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I haven't used the rifa. i looked at it but decided not to because I got better bang for my buck with the photoflex and Tota.

The Rifa lamps are expensive and not as easy to buy. The Tota lamp range is greater, cheaper and easier to find

You could use the omni with your umbrella but i'll bet that once you get a softbox that umbrella will stay on the shelf.

A lttle side note here. Some lamps provide an umbrella clamp hole either on the lamp or the yoke. the lamp swivel or the yoke locking screws will not do an adequate job of keeping the weight aloft. Spend $20 on a lobo clamp. It's also better to use speed rings to mount lamps uin a softbox rather than mounting the speed ring to the lamp. The locking collarts on the yokes of lights like the ianiro or even the arri are really stressed by the weight of all that crap hanging off them

In fairness we should really start a new thread as this one was intended for the JTL Everlight and the folks asscociated with the topic have put a whole lot of effort into it.

Thanks
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Old May 10th, 2003, 01:15 PM   #37
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Matt, if you're looking for some softboxes to flesh out your kit and those softboxes are going to be "second" in your kit, you will simply not get a better bang for the buck than the JTL kit.

All my research focused on getting enough difuse but appropriate light for my situation, which is a lot of inside shooting in close surroundings. For me, the JTL kit is proving its worth as a primary system.
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Old May 10th, 2003, 01:21 PM   #38
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Good point Bryan - I didn't mean to hijack the thread... I'm afraid I'm not sure how to link on here, but below is the link for the new thread I started.

http://www.dvinfo.net/conf/showthrea...&threadid=9498

Feel free to join me there if you have any more advice for me...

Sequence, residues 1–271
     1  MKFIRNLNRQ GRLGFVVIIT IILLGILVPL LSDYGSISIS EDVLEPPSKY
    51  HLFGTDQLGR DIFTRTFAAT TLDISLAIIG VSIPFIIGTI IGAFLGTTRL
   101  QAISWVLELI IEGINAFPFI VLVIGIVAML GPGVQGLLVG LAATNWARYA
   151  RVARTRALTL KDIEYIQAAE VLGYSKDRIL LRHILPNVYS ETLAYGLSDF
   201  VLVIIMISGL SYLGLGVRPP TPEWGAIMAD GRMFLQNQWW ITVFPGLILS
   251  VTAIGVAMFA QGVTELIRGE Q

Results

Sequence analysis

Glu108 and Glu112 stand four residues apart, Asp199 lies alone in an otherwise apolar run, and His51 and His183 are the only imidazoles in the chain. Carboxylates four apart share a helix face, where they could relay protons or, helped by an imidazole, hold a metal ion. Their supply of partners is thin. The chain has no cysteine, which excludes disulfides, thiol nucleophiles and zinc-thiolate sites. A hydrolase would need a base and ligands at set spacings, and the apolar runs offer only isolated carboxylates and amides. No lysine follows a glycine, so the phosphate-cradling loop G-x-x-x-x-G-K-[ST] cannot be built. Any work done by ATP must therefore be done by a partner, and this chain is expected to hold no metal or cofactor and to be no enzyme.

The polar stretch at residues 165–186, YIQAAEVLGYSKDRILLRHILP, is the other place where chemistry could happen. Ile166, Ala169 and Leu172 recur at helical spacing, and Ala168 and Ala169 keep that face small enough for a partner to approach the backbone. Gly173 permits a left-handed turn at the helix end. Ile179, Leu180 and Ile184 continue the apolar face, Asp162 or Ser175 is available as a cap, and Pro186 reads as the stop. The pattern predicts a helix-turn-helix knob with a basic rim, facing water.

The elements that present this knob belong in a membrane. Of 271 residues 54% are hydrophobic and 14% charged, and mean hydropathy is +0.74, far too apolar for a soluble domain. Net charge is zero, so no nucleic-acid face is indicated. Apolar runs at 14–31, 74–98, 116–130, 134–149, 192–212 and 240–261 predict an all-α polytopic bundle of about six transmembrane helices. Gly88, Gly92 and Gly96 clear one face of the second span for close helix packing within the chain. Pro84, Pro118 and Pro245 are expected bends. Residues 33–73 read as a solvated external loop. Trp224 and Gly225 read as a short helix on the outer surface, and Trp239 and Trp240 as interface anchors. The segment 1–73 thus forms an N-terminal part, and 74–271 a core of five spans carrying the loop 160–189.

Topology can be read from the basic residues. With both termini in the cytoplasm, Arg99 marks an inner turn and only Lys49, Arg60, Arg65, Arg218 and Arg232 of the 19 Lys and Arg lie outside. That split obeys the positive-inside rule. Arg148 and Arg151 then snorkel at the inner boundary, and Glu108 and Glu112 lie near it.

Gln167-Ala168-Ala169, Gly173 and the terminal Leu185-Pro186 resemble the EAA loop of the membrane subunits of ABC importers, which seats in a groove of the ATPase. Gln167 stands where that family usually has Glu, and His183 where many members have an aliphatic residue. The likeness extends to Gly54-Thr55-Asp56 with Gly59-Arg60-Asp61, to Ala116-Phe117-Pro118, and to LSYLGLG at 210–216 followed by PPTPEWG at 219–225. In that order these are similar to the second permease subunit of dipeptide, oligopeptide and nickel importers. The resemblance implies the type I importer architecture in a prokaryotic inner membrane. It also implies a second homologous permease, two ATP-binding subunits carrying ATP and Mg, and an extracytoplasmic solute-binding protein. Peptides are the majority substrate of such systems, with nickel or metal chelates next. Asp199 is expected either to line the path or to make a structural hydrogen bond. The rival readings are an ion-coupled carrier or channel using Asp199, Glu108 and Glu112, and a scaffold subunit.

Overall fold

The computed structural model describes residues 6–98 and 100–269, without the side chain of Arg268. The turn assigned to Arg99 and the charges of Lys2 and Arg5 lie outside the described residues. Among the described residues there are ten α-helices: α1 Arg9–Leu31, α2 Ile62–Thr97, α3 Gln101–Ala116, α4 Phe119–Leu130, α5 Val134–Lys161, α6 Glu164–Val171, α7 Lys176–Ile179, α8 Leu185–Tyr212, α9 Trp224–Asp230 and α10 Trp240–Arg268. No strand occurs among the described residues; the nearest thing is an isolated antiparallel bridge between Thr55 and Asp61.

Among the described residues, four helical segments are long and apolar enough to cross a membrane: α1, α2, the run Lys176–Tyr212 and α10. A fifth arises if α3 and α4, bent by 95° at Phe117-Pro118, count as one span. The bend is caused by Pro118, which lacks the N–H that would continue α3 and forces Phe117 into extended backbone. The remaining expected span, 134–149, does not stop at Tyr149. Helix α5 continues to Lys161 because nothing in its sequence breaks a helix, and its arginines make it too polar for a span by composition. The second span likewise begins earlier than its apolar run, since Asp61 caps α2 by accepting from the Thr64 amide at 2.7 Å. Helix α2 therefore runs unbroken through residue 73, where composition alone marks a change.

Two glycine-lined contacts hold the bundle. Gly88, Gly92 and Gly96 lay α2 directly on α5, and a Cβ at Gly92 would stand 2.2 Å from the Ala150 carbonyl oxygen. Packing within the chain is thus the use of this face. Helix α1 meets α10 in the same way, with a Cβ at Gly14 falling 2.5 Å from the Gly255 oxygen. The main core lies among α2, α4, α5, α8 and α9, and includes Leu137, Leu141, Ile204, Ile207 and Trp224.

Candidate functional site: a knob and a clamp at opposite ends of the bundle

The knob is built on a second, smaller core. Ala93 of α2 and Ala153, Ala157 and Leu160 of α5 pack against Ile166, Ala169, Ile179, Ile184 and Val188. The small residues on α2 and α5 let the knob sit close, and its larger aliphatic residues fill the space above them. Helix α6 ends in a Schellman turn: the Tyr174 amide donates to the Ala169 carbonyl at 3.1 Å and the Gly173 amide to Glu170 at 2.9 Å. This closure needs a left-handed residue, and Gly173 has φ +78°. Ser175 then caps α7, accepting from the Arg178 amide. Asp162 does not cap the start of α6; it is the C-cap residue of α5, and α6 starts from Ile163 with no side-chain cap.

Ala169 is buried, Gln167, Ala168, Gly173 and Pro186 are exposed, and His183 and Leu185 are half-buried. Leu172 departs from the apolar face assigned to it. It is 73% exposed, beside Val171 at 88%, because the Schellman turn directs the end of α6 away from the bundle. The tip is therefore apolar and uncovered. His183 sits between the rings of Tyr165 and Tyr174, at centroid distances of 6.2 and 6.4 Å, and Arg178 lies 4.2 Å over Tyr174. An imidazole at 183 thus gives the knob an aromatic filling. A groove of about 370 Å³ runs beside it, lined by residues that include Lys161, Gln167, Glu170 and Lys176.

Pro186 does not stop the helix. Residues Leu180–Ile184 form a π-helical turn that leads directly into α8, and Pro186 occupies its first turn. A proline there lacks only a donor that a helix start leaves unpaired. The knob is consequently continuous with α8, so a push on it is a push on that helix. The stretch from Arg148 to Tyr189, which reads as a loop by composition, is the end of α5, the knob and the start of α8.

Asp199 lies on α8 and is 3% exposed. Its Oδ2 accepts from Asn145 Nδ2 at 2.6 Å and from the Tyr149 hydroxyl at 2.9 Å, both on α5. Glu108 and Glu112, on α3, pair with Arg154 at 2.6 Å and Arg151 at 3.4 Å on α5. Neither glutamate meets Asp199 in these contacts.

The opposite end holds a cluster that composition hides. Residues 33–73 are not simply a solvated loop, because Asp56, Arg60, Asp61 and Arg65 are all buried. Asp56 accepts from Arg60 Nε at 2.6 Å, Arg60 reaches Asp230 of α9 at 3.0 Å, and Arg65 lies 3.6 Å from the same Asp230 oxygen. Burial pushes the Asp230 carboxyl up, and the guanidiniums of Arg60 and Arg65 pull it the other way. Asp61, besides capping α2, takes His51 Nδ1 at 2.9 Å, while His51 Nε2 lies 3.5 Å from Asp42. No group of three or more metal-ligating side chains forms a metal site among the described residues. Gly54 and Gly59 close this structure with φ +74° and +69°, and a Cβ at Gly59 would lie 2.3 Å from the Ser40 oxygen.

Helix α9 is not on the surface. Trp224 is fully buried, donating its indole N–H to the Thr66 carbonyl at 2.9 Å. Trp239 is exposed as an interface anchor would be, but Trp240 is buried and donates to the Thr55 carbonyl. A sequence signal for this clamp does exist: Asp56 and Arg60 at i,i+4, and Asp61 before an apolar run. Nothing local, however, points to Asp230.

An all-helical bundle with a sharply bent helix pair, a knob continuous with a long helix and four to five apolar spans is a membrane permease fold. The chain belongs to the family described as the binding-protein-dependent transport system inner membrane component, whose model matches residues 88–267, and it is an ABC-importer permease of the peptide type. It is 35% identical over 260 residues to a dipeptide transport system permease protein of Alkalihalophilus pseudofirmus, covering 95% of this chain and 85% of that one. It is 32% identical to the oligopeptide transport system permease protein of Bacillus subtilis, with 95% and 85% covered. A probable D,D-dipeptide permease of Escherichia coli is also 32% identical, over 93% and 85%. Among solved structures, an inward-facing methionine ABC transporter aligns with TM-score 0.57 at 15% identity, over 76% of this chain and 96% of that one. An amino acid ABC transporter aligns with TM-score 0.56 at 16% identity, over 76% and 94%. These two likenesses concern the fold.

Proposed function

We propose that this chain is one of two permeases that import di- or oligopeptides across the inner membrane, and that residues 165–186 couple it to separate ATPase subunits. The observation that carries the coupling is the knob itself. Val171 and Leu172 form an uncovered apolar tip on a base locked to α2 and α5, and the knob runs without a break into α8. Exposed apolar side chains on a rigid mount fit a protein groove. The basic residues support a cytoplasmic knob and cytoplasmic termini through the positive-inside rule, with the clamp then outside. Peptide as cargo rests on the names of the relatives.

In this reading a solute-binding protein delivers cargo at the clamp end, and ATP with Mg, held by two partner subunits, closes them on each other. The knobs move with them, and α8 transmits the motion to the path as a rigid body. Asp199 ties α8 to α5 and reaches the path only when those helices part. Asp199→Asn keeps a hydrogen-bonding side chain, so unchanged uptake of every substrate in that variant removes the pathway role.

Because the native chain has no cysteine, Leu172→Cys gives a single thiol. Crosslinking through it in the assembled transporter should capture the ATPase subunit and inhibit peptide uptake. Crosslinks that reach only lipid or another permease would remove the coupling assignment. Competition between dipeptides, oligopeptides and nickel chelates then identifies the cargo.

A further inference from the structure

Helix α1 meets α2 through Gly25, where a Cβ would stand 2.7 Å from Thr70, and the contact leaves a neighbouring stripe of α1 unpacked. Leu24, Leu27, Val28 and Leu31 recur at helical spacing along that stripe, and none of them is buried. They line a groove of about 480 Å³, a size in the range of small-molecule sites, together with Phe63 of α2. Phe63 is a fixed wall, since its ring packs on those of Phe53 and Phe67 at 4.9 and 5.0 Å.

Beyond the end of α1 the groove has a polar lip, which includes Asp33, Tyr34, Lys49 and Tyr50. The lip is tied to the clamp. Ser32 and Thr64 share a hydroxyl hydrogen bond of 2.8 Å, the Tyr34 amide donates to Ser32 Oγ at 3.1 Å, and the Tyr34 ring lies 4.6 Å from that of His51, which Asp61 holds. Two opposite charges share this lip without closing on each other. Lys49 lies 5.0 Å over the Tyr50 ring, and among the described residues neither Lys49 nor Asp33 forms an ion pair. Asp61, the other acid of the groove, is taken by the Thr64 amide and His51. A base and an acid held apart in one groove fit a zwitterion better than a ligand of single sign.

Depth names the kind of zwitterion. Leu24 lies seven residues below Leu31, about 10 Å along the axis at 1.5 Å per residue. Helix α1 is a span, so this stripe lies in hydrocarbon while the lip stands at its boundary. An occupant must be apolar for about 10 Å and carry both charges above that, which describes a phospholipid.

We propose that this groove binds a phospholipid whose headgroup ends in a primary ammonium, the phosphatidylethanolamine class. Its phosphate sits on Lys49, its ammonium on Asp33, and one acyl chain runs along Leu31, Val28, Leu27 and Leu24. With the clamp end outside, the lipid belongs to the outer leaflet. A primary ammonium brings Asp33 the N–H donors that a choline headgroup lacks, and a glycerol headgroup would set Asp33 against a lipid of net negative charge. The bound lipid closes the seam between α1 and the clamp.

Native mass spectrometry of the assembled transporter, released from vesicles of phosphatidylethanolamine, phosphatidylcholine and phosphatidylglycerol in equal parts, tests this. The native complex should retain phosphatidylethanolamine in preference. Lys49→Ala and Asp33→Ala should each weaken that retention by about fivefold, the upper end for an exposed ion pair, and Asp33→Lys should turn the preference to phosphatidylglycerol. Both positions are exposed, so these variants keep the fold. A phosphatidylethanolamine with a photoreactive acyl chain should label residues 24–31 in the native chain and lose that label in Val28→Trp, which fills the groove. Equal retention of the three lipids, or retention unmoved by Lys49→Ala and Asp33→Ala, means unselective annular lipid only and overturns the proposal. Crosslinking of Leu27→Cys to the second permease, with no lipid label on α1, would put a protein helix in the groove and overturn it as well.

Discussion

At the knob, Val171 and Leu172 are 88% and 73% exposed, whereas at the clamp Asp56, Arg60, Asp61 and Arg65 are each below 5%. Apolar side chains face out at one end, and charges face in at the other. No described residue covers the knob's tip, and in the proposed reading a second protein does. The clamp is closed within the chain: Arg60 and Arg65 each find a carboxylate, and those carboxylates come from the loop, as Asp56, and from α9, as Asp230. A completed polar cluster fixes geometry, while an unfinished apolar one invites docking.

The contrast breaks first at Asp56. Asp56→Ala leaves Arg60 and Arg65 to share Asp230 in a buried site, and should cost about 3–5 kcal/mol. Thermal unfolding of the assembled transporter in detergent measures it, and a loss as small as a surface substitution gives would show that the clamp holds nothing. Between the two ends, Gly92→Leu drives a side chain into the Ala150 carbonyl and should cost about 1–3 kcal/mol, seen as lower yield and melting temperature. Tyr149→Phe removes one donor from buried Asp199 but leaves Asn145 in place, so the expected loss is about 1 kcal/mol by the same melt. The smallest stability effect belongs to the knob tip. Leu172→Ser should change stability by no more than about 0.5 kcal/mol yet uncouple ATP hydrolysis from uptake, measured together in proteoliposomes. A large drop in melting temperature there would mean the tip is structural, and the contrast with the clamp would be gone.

Thanks!
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Old May 10th, 2003, 03:23 PM   #39
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Sorry for contributing to the confusion, Matt. I was winding down after working a twelve hour day that seemed longer at about two in the morning, and I confused you with two people, or something like that. Anyway, knowing my bias against Lowel lights, I am just going to withdraw from your discussion. And yes, a Tota costs $109. Mea culpa.

Bulletin: I just wanted to post a response that was on another forum where I was trying to convince another young fellow who was in the market for some lighting gear to take a look at the JTL kit, and I was getting some spirited opposition from another writer. Anyway, here's a brief comment from the young man looking for lighting:

"I went to Reseda Photo and took a look at the Everlight kit. I was driving over there thinking this kit was gonna be cheap and that if my cat leaned on the tripod it would fall over, etc... I walked in and was very suprised to see these (3) very well built lights with stands that looked stonger and more sturdy then the Arri stands. I was very impressed and walked out with a kit. Thanks Wayneor!"

I thought this fellow was in the "starving student" category, but it turns out he has quite a bit of money to throw around. If I had known that, I might have pointed him in other directions, but for those on a limited budget, I still believe the JTL Everlight Kit is a good way to get into lighting for $500.00.
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Old May 10th, 2003, 06:04 PM   #40
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No problem Wayne - I understand that some people just don't like certain equipment. The Lowel lights that I have have worked well for me so far, it's just that I'm still in need of a primary soft source (to replace the umbrella).

My lighting budget right now came out to about $1500 (which is why I didn't go for the Arri kits I've always rented). In the position I'm in now though, I've basically spent about $1000 of that and am just trying to figure out the best way to use the other $500.

I need something slightly more professional than having only the JTL, but thought it might be a nice filler for the last 1/3 of my budget. Bias and all, if you were me - currently working with:

- 1 750watt Tota (with gel frame/gels/umbrella and Bogen stand)
- 1 500watt Omni (with gel frame/gels and Bogen stand)
- 1 250watt Pro Light (with gel frame/gels and Bogen stand)

... and you had $500 dollars to round out the kit, how would you spend it?

a) 500 watt Rifa
b) Additional Tota w/ Photoflex
c) 3-light JTL kit
d) Something completely different?

Thanks for all the advice... (if you think about it - look for my other thread I provided the link to above and respond in that thread so we can leave this thread alone...)

Matt